After seven seasons, Scandal is coming to an end this week. While the Scandal Season 7 finale marks the end of an era, even the most dedicated fans might feel this has been a long time coming. No one is better than creator Shonda Rhimes at cultivating and then pulling the rug out from under a passionate fan base: Rhimes’ shows, particularly Scandal and Grey’s Anatomy, are known for their wild plot twists. Sometimes, they have a big payoff, but other times, they feel incredibly unrealistic. And it’s when a show goes off the rails that many viewers give up. But others, including me, never do. I’ve stayed with both shows through it all. Sure, I was mad when Jake killed James and when Denny's ghost showed up. So why, after all the frustration with Rhimes’ plot twists, have I not walked away? Why do so many people like me keep tuning in, Thursday after Thursday?
No matter how many people might proclaim that they’re quitting these shows after a particularly brutal season finale, it’s just not happening — at least, not according to the ratings. Scandal has maintained an average of more than 4 million viewers throughout this season, and although that can’t touch the 11.96 million people who watched the Season 4 premiere (a series high), it still claimed second place in its time slot. Grey’s Anatomy is similar: After seasons with ratings in the double digits — at one time, they topped 20 million — the show is still reliably pulling in viewers. The Grey’s Season 14 premiere scored over 8 million viewers, which is down from what the show used to do but was still double what any other network show was reaching in that time slot.
The viewers are still definitely there, and they’re watching… even as Rhimes continues to do some of her characters dirty in ways that might be unforgivable by fans, had these been any other shows. Yes, Scandal and Grey’s Anatomy are entertaining and created by talented casts and crews, but there’s a bigger reason I keep coming back — because I can’t let go of the deep connections I forge with these characters.
What’s unique about Scandal and Grey’s Anatomy is the fact that they’re made up of inclusive casts who are easy to get attached to from the start. Though these shows appear to be about surgery or the political world of Washington, D.C., they’re both ultimately about emotions and situations that anyone can understand. And the tangled web of connections the characters in these ensemble casts form make it even harder to extricate yourself. Once you’re in, you’re in — even though there are definitely points where you’ll wish you were out.
There have been plenty of times I’ve wanted to throw in the towel on both of these shows. Nothing has made me angrier than seeing Lexie and Mark die after the plane crash on Grey’s Anatomy, or watching Meredith (who has been through so much) have to say goodbye to the husband and relationship she fought so hard for when Derek died at the hands of incompetent doctors. Right now, I’m rolling my eyes at Jackson and Maggie’s pairing hard, but still, I’m watching. I’ve groaned at Olivia flip-flopping back and forth between Jake and Fitz on Scandal, as if either of those two should even be on her radar, and there are too many plot lines in this show that don’t make sense to count. Here I am, though, ready to take in the series finale.
Why? For me, it’s because these characters seem real to me. At times, I’ve felt like Meredith, trying to reconcile my need for career success and fulfillment with also wanting to have children someday and be an involved mom. I’ve felt her heartbreak. I’ve cried with her, and I’ve celebrated with her. I’ve wished I could be Olivia Pope, as brave as she is, and I’ve rooted for her for seven years. I want her to win, even though she makes the wrong decision sometimes (and her relationship with Fitz has frustrated me to no end). I feel like these women are a part of me, and I am so grateful that Rhimes has given us these women who are so unlike others on TV.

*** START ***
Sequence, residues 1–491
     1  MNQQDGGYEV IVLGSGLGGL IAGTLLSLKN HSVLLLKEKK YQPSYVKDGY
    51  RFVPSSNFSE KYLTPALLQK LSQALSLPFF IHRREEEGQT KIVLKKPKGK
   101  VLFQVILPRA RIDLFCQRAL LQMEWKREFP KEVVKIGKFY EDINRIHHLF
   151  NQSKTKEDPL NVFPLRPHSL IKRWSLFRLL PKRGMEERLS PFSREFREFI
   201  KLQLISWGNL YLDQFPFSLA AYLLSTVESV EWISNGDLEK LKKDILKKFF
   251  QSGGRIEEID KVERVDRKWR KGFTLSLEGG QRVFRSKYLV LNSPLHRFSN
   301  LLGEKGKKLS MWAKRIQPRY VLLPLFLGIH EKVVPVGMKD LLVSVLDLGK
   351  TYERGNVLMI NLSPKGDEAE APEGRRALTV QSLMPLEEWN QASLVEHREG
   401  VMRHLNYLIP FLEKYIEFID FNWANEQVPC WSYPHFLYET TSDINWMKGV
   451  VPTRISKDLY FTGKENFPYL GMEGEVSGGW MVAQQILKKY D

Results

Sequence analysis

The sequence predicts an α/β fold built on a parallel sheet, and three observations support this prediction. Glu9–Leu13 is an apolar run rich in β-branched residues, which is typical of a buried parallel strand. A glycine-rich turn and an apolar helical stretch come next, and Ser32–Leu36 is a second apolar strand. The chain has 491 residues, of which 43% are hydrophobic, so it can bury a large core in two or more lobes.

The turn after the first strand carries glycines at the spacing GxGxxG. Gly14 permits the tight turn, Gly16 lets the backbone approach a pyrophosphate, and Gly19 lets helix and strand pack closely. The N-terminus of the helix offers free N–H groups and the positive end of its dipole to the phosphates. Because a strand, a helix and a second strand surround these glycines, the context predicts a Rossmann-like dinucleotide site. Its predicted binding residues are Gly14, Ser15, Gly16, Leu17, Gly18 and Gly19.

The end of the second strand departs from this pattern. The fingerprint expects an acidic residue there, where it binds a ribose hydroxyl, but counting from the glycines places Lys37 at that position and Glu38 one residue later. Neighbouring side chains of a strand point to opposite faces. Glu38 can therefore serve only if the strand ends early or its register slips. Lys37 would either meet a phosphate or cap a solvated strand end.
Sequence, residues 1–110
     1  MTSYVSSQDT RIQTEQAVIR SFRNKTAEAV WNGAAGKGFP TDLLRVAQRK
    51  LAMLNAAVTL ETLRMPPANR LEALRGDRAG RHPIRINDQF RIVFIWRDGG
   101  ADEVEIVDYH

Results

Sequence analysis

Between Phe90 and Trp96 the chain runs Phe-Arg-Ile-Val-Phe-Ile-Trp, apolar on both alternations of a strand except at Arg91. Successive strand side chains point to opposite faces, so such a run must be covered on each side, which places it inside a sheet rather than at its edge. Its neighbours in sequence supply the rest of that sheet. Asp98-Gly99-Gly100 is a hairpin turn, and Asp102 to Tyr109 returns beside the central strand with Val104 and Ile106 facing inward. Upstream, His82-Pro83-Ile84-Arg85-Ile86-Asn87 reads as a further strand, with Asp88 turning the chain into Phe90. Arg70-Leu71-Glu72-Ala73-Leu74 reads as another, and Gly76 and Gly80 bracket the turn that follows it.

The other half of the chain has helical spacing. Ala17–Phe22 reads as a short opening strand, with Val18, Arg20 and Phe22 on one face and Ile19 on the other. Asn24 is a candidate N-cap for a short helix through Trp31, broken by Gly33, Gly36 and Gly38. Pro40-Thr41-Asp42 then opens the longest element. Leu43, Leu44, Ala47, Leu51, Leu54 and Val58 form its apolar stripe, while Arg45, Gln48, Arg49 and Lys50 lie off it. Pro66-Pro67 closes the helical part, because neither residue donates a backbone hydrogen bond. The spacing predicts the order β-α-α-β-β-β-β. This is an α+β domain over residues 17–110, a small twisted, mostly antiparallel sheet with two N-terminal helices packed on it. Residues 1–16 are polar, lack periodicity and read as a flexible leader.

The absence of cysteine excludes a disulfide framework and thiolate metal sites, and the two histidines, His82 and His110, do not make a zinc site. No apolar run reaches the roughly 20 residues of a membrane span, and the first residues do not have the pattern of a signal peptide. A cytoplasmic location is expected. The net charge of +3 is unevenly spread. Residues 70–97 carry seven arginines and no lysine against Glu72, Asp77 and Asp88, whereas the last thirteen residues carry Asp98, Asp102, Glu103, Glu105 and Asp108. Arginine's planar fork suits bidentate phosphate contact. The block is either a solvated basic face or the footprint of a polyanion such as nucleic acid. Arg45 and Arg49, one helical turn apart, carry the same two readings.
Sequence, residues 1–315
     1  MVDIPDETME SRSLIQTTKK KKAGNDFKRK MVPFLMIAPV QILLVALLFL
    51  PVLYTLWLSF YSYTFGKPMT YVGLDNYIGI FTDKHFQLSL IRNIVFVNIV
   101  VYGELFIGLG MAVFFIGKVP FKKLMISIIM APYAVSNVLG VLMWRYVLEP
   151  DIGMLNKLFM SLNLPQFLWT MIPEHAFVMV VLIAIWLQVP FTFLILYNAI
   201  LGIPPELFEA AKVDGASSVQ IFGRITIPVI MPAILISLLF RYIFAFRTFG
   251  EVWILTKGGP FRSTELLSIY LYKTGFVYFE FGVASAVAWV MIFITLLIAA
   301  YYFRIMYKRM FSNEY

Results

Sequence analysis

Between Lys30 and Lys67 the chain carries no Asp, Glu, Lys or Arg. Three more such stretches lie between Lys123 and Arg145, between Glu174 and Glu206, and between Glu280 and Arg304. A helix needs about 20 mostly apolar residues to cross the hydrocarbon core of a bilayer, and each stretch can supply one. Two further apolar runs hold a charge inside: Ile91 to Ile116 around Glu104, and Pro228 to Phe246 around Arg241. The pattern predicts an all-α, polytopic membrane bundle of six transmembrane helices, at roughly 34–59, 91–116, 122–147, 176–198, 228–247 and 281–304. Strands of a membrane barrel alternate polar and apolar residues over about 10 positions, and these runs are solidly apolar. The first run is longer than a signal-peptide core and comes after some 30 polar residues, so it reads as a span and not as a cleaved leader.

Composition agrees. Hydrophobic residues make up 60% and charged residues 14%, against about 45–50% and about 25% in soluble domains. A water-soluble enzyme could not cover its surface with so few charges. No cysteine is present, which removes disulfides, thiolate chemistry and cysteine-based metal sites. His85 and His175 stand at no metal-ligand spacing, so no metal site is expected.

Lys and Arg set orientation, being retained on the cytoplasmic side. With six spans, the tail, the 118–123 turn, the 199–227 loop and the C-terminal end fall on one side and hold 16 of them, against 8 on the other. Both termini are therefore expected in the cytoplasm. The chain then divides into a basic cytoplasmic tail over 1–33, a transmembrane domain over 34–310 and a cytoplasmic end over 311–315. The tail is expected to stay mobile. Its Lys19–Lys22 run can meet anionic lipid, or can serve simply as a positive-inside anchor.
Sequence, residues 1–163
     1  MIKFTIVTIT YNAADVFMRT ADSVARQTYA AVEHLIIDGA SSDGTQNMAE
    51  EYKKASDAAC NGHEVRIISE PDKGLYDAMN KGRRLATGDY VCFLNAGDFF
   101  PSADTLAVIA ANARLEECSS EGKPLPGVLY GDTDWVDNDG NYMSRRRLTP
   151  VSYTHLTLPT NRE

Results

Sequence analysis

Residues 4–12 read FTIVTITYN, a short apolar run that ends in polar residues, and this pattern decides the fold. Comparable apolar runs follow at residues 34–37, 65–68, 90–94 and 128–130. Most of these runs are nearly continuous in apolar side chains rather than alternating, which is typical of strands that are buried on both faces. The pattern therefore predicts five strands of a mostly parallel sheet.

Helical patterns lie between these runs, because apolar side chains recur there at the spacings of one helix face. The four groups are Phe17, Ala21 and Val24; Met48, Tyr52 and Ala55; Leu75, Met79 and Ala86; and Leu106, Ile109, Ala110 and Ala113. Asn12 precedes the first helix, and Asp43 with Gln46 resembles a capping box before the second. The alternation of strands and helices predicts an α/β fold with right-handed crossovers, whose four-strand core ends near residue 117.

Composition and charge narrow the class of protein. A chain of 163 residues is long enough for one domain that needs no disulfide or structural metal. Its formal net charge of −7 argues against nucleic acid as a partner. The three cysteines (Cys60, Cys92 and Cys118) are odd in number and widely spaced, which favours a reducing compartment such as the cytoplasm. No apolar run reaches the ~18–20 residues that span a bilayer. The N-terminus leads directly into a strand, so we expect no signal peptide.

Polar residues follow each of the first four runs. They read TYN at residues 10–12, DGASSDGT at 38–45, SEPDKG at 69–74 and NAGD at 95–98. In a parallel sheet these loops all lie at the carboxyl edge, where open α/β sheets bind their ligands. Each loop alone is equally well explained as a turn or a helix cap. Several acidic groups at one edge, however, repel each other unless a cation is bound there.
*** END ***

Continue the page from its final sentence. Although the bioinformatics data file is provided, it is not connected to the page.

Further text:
Scandal and Grey’s Anatomy have always been shows that give everyone a character to identify with. Rhimes frequently features people (especially women) of color in powerful positions with compelling storylines, which isn’t always the case in many other shows. Through Arizona and Callie and even Cyrus Beene, we get to see members of the LGBT community who are more than just sidekicks. We see women exercising their right to choose when they have an abortion and speak openly about it, like Olivia Pope and Cristina Yang have both done. Olivia, a black woman, practically runs Scandal’s version of D.C.
These characters are also real and incredibly flawed — just like all of us. The doctors at Grey Sloan Memorial Hospital may be far more beautiful versions of the doctors you usually see in the operating room, but they face real problems. And whether you believe Scandal’s B613 could exist in the real world or not, seeing Olivia grapple with the reality that her parents aren’t who she wants them to be and try to find the happy medium between doing the right thing for the greater good and keeping her power has compelled viewers to stay.
Because of the inclusiveness and the ties I’ve made emotionally to these characters, there’s no way I’m giving up now. I need to see what happens to these people that I’ve rooted for over the course of so many years. Grey’s Anatomy has killed off or written off all of my favorite characters except for Meredith Grey, and unless she leaves, I’m sticking with it — just as I followed Olivia Pope into the dark.
It feels like the end of an era to see Scandal go, but it definitely feels like the right time for the show to finally come to an end. It’s far better to say goodbye to Olivia on a high note, rather than when fans aren’t as passionate about her and her gladiators. Thursday nights won’t be the same, but as long as there’s Shonda Rhimes, fans can look forward to more of the magic she’s created here.